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The Not-so-Sweet Politics of Sugar Consumption

Posted March 29, 2013

What do you picture when you think of the food industry in your country? In the United States, for example, the food industry is dominated by various big corporations that produce processed foods and regulate the production of meat, dairy, and agriculture (for a wonderful book on the American food chains, see The Omnivore’s Dilemma by Michael Pollan). In most highly developed countries like the United States, food is a consumer product. The sad truth is that the bottom line for most food industry corporations is profit, rather than delivery of properly nutritious diets (1).

And we, as consumers, have the unfortunate responsibility of educating ourselves and being cognisant of the war being waged against our health at the supermarket. While endless material can be written about any one aspect of the food industry, this post will spotlight one single food: sugar. The sugar industry is becoming known as “Big Sugar” as its various production and marketing tactics come to light (and yes, they mirror those employed by “Big Tobacco”).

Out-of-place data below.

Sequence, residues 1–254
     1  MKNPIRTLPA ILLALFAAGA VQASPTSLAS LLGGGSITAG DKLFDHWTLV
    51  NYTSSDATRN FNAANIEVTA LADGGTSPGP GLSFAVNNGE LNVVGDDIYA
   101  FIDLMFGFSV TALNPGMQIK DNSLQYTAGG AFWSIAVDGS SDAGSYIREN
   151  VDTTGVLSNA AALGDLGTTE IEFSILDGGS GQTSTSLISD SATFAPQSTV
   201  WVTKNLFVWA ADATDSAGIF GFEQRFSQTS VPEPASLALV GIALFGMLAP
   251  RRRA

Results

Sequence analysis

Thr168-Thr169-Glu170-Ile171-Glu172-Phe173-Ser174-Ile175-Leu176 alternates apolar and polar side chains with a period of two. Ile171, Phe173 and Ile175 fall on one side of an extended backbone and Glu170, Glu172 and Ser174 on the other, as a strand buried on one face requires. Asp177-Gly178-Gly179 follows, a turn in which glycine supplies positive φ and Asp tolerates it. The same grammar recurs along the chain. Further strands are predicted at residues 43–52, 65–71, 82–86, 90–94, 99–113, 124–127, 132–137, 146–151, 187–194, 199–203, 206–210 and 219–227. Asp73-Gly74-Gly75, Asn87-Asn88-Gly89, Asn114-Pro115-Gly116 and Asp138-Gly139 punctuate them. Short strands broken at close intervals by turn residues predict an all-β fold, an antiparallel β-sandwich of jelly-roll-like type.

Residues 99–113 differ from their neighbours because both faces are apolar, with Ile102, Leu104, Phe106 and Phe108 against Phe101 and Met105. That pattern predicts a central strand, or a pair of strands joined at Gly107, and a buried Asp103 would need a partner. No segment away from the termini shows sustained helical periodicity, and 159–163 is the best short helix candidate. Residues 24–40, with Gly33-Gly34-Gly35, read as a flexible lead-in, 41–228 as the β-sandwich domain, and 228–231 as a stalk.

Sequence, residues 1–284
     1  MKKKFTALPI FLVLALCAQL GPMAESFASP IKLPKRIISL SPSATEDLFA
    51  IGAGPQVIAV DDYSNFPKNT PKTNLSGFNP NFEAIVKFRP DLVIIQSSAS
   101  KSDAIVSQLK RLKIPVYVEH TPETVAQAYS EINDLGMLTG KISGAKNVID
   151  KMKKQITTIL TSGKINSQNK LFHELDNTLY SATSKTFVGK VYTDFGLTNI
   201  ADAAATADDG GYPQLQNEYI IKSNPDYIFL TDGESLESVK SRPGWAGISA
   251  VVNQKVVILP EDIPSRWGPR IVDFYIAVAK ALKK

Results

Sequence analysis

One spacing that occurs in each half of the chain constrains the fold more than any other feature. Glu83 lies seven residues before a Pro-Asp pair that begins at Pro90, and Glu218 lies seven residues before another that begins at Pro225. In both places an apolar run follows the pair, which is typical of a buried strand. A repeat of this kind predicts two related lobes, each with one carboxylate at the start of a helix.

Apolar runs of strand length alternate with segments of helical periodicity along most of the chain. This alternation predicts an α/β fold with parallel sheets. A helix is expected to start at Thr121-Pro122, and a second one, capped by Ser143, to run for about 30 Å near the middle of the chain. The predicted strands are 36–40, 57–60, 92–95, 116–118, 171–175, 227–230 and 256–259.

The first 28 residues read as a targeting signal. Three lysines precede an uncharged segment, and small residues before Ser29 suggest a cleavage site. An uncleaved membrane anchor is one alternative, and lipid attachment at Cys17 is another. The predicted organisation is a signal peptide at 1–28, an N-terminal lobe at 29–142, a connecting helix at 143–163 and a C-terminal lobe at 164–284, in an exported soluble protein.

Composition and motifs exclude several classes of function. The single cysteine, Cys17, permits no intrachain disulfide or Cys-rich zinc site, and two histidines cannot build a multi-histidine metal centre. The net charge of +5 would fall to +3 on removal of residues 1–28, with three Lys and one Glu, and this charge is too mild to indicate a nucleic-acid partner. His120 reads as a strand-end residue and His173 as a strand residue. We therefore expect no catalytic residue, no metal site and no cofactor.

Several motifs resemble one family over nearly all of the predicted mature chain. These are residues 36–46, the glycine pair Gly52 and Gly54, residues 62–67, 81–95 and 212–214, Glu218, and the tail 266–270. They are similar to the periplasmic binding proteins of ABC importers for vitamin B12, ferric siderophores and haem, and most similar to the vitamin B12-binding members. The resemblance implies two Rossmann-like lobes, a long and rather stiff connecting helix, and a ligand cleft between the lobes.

I don’t need to tell you that sugar is bad for you. We all know that sugar is linked to serious health conditions that characterise major 21st century causes of death, including diabetes, obesity, and heart disease (2-4). However, the causal role of sugar in the obesity epidemic is still a subject of hot debate today. Part of the trouble is the sugar industry’s major stakeholder role, combined with a lack of high-quality scientific evidence (5): for example, it is difficult to find population “controls” who do not consume sugar, which are needed for a proper examination of sugar’s health effects. The World Health Organisation will soon update its global recommendations for sugar intake, and has commissioned a systematic review and meta-analysis of the effects of sugar intake on body weight, which was just published open-access two months ago in the British Medical Journal (2). The results of the review suggest that sugar increases body weight through promoting overconsumption of food (2). The addictive sweetness of sugar combined with the general poor quality of direct evidence for sugar’s negative health effects combine to make a marketing dream for sugar companies.